Nurturing New Opportunities for Fruit Farmers in East Africa
In the lush highlands of western Kenya, the farmers of Tiret Self-Help Group have planted the seeds that could hold the key to a better future.
The 54-member farming cooperative began working with TechnoServe in August 2010 to improve their business skills and diversify into a new market opportunity: purple passion fruit. With TechnoServe’s assistance, Tiret Self-Help Group built a passion fruit nursery and sowed the first seeds in December 2010.
As the first vines begin to bear fruit, the farmers recognize that passion fruit can bring newfound prosperity to their community.
“We can see that it will be a very good source of income for us,” said farmer Eusila Lelei, a 35-year-old mother of five. “It will help me pay school fees. It is something that will raise our standard of living.”
Thousands of farmers have the potential to capitalize on a similar opportunity thanks to Project Nurture, a partnership with The Coca-Cola Company and the Bill & Melinda Gates Foundation. Project Nurture aims to double the fruit incomes of more than 50,000 small-scale mango and passion fruit farmers in Kenya and Uganda. Since launching in 2010, the program has laid the groundwork for a thriving, sustainable industry that can help farming families lift themselves out of poverty.
TechnoServe advisors are helping farmers to increase their productivity and create new market opportunities for their fruit. This work begins with forming or strengthening farmer business groups, which allow dozens of farmers to sell their fruit collectively and improve their bargaining power.
Through the business groups, TechnoServe facilitates training sessions for farmers on key skills. Many of these trainings take place on demo plots, where farmers receive hands-on experience in preparing the land, planting trees or vines, controlling pests and diseases, managing the soil and harvesting the fruit. TechnoServe advisors also provide business training for the farmer business groups so that they can interact with buyers as equals and create more income for their members.
At the same time, TechnoServe is analyzing the market opportunities for mango and passion fruit and helping to build relationships between buyers and farmer groups. Most of the fruit in Kenya and Uganda is sold in local markets, but processors and export markets represent key opportunities for growth.
In Kenya, for example, TechnoServe has worked closely with a seasoned exporter to facilitate the sale of 800 metric tons of mango during the current growing season. These export volumes are likely to grow in coming seasons. TechnoServe advisors also are assisting local juice processors to make improvements that will help them be competitive globally.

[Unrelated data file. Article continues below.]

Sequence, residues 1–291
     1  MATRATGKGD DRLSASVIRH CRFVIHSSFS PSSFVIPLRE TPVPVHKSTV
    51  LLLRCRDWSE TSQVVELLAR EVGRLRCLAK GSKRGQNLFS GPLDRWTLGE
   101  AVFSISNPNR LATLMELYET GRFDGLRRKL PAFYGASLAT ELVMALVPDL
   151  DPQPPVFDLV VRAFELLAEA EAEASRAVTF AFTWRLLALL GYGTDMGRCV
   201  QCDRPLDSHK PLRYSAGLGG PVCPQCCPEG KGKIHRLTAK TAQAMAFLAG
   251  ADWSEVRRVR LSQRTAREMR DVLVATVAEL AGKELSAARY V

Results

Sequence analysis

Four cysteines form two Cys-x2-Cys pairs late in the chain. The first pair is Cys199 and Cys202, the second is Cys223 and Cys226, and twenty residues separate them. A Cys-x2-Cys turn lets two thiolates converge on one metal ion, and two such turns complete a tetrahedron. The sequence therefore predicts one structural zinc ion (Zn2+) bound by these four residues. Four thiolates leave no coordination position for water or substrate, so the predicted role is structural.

Through Project Nurture, TechnoServe is working with financial institutions to offer better access to credit for farmers. These loans can help smallholders invest in their farms and take advantage of a market opportunity for their fruit.
For some farmers, like those of the Tiret Self-Help Group, this means introducing a new crop. For others, it means finding new value in a product they had taken for granted.
In eastern Uganda, for example, buyers always considered the local variety of mango, the Sena, to be too low-quality for pulping and juicing. As a result, farmers never cultivated mangoes as a cash crop.
“We never knew the value of our mangoes,” said Sam Koole, chairman of the newly formed Kainja Mango Farmers Association. “There was never a market for them, so we would just let them fall down on their own. The children would eat a few, and the rest were left to rot.”
TechnoServe helped demonstrate to buyers that the Sena, in fact, produced sweet-tasting juice with a rich color. One major buyer invested in a new piece of equipment to process the Sena variety.
At the same time, TechnoServe advisors helped farmers in the area to improve the quality of their production. With a market now available for their mangoes, the farmers discovered a new source of income – and a new investment for their future.
“Many farmers just didn’t believe it was possible to all of a sudden sell their mangoes,” Sam said. “It wasn’t until they actually saw, with their own eyes, the people coming here to buy all our mangoes that they started believing. Now, instead of felling the trees for firewood, they are planting new ones. I’ve planted ten already.”